Scarlet fever -- also called scarlatina -- is an infection that’s easily passed from person to person. Anyone can get it, but it's most common in kids from ages 5 to 15.
Scarlet fever gets its name from a bright red, bumpy rash that often covers much of the body.
The namesake red rash usually starts out looking like a bad sunburn. It typically starts on your neck and face and then spreads to the chest, the back, and the rest of the body. It’s raised and looks a little like sandpaper. It can be itchy, and areas of the rash can turn white when you press on them. When the rash goes away, the skin may peel around the fingertips, toes, and groin.
The rash is the most common symptom, but there are other telltale signs that come with the condition. They include:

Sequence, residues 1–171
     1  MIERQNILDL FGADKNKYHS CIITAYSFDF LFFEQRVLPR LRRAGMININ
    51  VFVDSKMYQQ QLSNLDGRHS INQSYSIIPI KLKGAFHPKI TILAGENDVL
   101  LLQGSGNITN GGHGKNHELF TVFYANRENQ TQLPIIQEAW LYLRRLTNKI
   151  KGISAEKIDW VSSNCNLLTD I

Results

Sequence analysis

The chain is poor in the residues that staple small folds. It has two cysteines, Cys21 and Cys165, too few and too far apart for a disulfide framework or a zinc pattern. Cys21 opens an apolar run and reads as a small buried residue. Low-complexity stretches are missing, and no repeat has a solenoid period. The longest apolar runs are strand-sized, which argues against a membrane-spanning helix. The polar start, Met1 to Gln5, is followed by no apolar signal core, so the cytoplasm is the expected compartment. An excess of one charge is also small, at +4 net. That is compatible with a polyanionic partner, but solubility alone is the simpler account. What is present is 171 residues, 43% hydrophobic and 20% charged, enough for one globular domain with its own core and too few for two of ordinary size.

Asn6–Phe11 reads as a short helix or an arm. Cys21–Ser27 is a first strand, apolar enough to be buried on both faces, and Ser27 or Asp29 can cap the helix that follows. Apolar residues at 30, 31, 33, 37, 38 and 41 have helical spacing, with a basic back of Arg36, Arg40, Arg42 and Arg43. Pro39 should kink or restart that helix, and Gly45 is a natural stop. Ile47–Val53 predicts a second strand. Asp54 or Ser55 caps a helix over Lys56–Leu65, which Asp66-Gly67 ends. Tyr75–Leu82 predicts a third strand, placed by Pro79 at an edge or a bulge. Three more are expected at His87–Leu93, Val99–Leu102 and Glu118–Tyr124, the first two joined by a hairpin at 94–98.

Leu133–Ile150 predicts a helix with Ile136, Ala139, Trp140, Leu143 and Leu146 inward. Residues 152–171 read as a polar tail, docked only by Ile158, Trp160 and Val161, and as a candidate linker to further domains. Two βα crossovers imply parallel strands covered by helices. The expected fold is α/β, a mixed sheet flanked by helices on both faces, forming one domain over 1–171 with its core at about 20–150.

- Red streaks. In the folds of skin where creases form, the rash forms red lines. Areas are usually deeper red around armpits, elbows, knees, neck, and groin.
- Red face. Your face may look flushed, except for your mouth. There may be a pale, white area just around your mouth.
- "Strawberry" tongue. Early on, your tongue will often look red and bumpy.
Other signs of scarlet fever can include:
- Very red sore throat
- Fever of 101 F or higher, sometimes with chills
- Swollen glands in the neck
- Whitish coating on the tonsils and throat
- Headache or body aches
- Nausea, vomiting, or stomach pain
- Difficulty swallowing
Because scarlet fever symptoms can be similar to other conditions, always check with your doctor or pediatrician. They'll do an exam and other tests in order to start the right treatment.